Say Hooray for Kosher Beaujolais | The Jewish Week | Food & Wine

Say Hooray for Kosher Beaujolais

Say Hooray for Kosher Beaujolais

Beaujolais Wine Country/ Wikimedia Commons

L’Chaim travels to the Beaujolais region

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The Beaujolais region in eastern France is north of Lyon and south of Burgundy. It encompasses parts of the Rhône département (Rhône-Alpes) and parts of the Saône-et-Loire département (Burgundy). In administrative terms, it is considered part of the Burgundy wine region, but the climate, soils, and basic topography are very different. Even more significantly, the wines produced in the Beaujolais area exhibit a regional identity quite distinct from either Rhône or Burgundy.

Indeed, whether drinking simple Beaujolais (which can come from any of 96 villages), Beaujolais Villages (which comes from any of 39 communes in the northern Haut Beaujolais), one of the acclaimed Cru Beaujolais (which can only come from one of the ten villages in the foothills of the Beaujolais mountains), or the ubiquitous Beaujolais Nouveau (easily the area’s most famous wine style), the wines of the Beaujolais region are readily identifiable, especially in their youth. For Beaujolais wines are nearly all representative of a unique style of delicious, fruity, fresh, red wines (from the Gamay Noir grape) that have the weight, structure, and balance of a white wine. Red Beaujolais wines typically exhibit relatively high acidity, low tannins, and “bracing poise,” as the great wine writer Andrew Jefford memorably put it. Similar to white wines, again, Beaujolais is best served slightly chilled. At this temp, to quote Jefford again, “all of its intoxicating fruit scents and its slippery gulpability come to the fore (as does its ability to accompany a wide variety of foods well, fish included).”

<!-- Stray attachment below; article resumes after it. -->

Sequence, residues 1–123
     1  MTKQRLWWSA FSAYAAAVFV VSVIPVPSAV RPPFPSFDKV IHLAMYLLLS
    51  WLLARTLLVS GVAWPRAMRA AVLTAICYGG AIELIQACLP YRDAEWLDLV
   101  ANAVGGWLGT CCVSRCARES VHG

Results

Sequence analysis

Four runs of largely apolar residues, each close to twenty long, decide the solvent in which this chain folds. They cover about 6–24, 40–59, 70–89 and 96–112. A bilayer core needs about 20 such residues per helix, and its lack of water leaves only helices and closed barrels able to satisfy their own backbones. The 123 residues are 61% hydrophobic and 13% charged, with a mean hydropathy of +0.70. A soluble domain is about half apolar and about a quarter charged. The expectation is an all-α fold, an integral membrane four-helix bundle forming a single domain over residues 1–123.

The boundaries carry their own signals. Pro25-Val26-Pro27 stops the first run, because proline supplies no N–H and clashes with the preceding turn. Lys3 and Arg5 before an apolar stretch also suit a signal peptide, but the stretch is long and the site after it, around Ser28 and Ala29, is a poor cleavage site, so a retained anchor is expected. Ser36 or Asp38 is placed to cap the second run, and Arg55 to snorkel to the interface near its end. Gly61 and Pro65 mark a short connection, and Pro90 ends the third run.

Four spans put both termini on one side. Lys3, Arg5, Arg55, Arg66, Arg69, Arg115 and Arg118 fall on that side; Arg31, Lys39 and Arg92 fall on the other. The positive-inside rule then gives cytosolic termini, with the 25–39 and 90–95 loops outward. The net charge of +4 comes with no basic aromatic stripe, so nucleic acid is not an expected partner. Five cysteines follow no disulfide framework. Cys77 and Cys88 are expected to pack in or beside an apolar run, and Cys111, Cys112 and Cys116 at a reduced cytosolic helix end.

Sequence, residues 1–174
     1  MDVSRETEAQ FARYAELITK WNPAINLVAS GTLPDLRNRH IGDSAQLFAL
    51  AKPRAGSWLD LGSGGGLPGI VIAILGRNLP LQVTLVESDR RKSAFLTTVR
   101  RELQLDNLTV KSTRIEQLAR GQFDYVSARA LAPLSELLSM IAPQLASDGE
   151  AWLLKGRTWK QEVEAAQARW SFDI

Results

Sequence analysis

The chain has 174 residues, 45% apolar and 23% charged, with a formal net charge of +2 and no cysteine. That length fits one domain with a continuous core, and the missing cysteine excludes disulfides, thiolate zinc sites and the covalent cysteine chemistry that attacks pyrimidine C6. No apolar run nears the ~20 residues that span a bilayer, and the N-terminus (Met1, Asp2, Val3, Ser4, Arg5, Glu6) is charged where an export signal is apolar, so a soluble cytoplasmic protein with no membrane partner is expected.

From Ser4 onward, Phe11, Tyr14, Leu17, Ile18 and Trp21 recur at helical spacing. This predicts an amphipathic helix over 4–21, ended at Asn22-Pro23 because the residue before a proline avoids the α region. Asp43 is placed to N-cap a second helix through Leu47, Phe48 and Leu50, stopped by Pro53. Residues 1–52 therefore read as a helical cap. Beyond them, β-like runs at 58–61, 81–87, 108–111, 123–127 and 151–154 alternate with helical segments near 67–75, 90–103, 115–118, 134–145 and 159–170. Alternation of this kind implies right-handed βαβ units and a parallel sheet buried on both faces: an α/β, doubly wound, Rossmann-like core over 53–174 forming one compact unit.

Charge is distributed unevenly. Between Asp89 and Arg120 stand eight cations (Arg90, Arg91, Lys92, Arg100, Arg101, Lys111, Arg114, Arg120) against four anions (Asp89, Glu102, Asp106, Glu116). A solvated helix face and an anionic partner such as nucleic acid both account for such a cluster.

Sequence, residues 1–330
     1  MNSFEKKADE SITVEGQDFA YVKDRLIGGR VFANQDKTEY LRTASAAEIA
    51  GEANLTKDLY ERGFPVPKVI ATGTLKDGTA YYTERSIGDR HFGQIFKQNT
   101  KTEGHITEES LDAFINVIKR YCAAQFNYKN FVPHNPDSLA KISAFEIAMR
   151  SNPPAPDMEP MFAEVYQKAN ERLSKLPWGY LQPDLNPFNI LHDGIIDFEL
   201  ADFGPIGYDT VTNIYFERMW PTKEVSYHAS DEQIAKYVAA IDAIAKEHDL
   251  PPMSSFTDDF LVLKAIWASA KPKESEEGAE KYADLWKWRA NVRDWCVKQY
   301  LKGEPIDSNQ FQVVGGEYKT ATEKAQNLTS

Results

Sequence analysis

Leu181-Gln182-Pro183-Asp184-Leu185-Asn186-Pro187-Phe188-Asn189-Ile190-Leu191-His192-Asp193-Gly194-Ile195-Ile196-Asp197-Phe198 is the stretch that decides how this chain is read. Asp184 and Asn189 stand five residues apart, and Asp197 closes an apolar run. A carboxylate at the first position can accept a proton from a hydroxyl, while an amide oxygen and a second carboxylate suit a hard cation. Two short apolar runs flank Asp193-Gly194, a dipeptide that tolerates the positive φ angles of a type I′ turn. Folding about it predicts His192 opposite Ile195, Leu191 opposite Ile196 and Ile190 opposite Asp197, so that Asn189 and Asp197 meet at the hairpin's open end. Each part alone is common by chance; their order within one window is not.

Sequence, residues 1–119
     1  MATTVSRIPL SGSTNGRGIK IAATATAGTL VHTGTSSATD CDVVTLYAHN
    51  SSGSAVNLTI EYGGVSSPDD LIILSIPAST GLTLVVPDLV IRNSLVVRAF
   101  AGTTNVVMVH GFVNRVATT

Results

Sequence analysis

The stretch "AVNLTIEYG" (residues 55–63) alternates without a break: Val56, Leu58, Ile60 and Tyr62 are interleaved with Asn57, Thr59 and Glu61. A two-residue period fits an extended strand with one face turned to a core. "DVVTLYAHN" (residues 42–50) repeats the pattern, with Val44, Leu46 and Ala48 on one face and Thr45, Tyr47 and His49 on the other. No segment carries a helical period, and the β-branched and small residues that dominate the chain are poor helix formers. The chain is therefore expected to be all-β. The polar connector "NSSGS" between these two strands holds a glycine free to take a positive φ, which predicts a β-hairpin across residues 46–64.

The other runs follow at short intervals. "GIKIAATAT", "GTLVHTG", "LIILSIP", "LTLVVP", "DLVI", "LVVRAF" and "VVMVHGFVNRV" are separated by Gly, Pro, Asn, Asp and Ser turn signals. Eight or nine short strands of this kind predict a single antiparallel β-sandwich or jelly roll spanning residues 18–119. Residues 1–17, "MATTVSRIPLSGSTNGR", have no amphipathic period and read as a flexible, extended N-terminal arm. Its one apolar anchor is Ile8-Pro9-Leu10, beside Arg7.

The availability of kosher Beaujolais here in the US has lamentably ebbed and flowed over the years, arguably with more ebbing than flowing. Thankfully, however, it is set for something of a comeback thanks to the folks at the DC-based JCommerce Group, the parent company of the online kosher wine retail websites and They not only began bringing in Beaujolais Nouveau (a Louis Blanc Selection) but also, most recently, two of the ten Cru Beaujolais—a Côte de Brouilly (that used to be imported by Victor Wines), and a Juliénas (both of which are also Louis Blanc Selections). I’m told there is likely to be another Cru Beaujolais, a Moulin-à-Vent (also from Louis Blanc), coming here too once another vintage release becomes available. Deliciousness and joy are the bywords of these offerings. Without further ado:

Duc de Pagny, Beaujolais Nouveau, 2017 ($12): Even though this is now well past the traditional drinking window for this style of Beaujolais, it is still surprisingly quite yummy—it’s gotten dark, and a bit hefty, with the black cherry in overdrive, but really very pretty and tasty (it has thrown a lot of sediment). I wouldn’t hold onto it for much longer, but it remains joyously gluggable. So, don’t hesitate to buy more and enjoy soon.

Louis Blanc, Côte de Brouilly, Domaine La Ferrage, (Beaujolais), 2014 ($20): Light, fruity, and lovely with soft tannins and nice acidity, offering aromas and flavors of ripe raspberries, blackberries, cherries, boysenberries, and dark plums, a subtle whiff of smoke, and just a wee bit of earthiness. From first sip to last, this is immensely satisfying and quaffable.

Louis Blanc, Juliénas, (Beaujolais), 2015 ($20): This is lovely, fun, delicious, and, well, imbued with a sense of joy. Generously aromatic with beautiful fruity and floral notes—strawberries, peaches, red currants, violets, peonies, mild cinnamon, perhaps a touch of muted bubblegum, and a endearing earthy richness. With mild but silky tannins and solid balancing acidity, this is simply delightful.


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